Princeton University

School of Engineering & Applied Science

SPREE: A Spoofing Resistant GPS Receiver

Dr. Aanjhan Ranganathan
Engineering Quadrangle, Room B205
Tuesday, October 11, 2016 - 11:00am to 12:00pm

Abstract:  Global Positioning System (GPS) is used ubiquitously in a wide variety of applications ranging from navigation and tracking to modern smart grids and communication networks. However, it has been demonstrated that modern GPS receivers are vulnerable to signal spoofing attacks. For example, today it is possible to change the course of a ship or force a drone to land in a hostile area by simply spoofing GPS signals. Several countermeasures have been proposed in the past to detect GPS spoofing attacks. These counter-measures offer protection only against naive attackers. They are incapable of detecting strong attackers such as those capable of seamlessly taking over a GPS receiver, which is currently receiving legitimate satellite signals, and spoofing them to an arbitrary location. Also, there is no hardware platform that can be used to compare and evaluate the effectiveness of existing countermeasures in real-world scenarios.
In this work, we present SPREE, which is, to the best of our knowledge, the first GPS receiver capable of detecting all spoofing attacks described in the literature. Our novel spoofing detection technique called auxiliary peak tracking enables detection of even a strong attacker capable of executing the seamless takeover attack. We implement and evaluate our receiver against three different sets of GPS signal traces: (i) a public repository of spoofing traces, (ii) signals collected through our own wardriving effort and (iii) using commercial GPS signal generators. Our evaluations show that SPREE constraints even a strong attacker (capable of seamless takeover attack) from spoofing the receiver to a location not more than 1 km away from its true location. This is a significant improvement over modern GPS receivers that can be spoofed to any arbitrary location. Finally, we release our implementation and datasets to the community for further research and development.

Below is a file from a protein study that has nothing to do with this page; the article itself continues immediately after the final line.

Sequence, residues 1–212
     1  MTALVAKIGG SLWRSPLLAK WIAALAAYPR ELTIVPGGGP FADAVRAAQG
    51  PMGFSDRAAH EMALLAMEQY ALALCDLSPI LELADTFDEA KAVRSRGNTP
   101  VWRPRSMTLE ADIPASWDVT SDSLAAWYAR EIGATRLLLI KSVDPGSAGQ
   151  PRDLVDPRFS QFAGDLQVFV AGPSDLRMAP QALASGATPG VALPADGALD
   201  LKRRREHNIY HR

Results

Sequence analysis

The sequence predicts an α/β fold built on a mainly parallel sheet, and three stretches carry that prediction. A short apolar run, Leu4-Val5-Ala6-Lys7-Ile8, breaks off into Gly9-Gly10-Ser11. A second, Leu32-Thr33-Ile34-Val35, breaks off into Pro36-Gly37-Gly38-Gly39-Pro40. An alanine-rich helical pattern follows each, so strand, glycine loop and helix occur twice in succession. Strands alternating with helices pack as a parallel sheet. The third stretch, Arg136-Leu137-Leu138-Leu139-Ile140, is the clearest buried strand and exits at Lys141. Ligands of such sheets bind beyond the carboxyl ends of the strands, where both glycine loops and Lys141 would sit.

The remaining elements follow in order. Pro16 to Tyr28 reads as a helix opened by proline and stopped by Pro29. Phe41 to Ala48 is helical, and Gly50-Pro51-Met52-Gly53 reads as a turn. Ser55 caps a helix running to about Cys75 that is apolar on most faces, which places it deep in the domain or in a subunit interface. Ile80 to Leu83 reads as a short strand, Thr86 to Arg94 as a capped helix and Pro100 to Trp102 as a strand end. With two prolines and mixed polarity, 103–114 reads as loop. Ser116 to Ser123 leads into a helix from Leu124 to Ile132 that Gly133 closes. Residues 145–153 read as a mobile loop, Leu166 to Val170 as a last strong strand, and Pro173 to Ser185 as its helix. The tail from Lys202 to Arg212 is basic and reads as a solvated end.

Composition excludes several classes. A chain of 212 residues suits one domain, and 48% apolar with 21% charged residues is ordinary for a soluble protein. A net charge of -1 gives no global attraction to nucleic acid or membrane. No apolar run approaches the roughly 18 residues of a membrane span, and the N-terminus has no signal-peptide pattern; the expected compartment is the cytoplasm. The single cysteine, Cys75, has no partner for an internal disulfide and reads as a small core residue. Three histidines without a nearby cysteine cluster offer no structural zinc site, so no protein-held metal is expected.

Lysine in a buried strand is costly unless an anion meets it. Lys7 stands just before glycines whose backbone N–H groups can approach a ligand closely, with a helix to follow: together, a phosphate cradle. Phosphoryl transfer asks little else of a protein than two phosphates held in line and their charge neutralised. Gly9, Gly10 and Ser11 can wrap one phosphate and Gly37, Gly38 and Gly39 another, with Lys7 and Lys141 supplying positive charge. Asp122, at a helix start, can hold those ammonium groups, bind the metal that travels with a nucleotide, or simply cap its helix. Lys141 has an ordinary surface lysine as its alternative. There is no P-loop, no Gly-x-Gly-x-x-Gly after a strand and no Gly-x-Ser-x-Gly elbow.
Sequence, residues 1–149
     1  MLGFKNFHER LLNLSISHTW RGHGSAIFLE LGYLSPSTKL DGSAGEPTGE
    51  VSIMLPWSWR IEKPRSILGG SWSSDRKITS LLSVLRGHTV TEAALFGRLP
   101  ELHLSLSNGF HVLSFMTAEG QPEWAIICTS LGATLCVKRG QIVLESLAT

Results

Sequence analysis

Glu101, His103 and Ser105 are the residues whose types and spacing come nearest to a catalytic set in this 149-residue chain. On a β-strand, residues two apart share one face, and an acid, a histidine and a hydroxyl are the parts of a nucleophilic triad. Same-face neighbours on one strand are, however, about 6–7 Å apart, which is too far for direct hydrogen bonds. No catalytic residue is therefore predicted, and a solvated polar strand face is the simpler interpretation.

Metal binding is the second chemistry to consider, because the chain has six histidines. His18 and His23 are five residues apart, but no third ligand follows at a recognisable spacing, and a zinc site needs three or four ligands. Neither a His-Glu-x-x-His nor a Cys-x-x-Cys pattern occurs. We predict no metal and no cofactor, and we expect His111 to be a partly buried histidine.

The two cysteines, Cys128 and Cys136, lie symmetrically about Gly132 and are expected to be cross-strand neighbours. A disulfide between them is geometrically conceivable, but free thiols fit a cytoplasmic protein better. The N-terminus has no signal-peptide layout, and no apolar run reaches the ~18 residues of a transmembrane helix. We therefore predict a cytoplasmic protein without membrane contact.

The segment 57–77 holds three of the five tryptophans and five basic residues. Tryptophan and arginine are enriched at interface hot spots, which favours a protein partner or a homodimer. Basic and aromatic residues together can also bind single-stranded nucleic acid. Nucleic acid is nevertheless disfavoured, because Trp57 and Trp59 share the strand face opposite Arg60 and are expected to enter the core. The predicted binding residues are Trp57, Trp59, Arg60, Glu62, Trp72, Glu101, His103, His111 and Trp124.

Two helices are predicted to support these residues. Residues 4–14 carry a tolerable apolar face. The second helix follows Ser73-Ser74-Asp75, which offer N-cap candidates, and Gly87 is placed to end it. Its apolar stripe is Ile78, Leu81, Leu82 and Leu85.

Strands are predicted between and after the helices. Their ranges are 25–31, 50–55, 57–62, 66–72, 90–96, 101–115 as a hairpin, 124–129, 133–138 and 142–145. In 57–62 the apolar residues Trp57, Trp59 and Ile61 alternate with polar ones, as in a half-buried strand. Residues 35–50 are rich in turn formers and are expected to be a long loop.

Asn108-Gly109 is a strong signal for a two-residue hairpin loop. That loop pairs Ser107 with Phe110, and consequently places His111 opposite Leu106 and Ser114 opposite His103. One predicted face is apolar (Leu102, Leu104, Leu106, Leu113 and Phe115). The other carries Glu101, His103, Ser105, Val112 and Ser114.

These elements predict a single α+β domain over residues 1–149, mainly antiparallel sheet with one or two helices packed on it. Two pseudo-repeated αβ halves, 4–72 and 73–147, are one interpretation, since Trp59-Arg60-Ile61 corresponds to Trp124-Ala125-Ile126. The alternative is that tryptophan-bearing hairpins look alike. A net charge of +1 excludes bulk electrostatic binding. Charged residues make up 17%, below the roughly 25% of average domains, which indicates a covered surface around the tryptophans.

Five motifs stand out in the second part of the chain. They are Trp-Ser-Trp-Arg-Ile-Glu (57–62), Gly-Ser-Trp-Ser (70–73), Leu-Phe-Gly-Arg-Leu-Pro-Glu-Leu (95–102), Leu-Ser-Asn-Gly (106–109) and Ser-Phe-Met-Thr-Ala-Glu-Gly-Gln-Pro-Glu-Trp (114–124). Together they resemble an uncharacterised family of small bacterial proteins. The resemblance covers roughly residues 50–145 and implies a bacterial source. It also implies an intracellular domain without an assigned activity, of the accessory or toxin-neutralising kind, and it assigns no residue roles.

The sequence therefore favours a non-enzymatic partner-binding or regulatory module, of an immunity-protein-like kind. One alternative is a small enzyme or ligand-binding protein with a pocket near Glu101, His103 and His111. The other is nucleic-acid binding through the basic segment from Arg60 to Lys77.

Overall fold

Bio:  Aanjhan is currently a post-doctoral researcher in the System Security Group at ETH Zurich. He obtained his PhD early this year under the supervision of Prof. Dr. Srdjan Capkun. His research mostly revolves around the physical-layer security of wireless systems (e.g., secure localization and ranging, GPS security, (anti-) jamming techniques). Prior to joining the System Security group at ETH Zurich, he worked at Robert Bosch GmbH's Car Multimedia Division "Blaupunkt" for over 3 years involved in research and development of embedded modules for top automotive manufacturers including Audi and Volkswagen.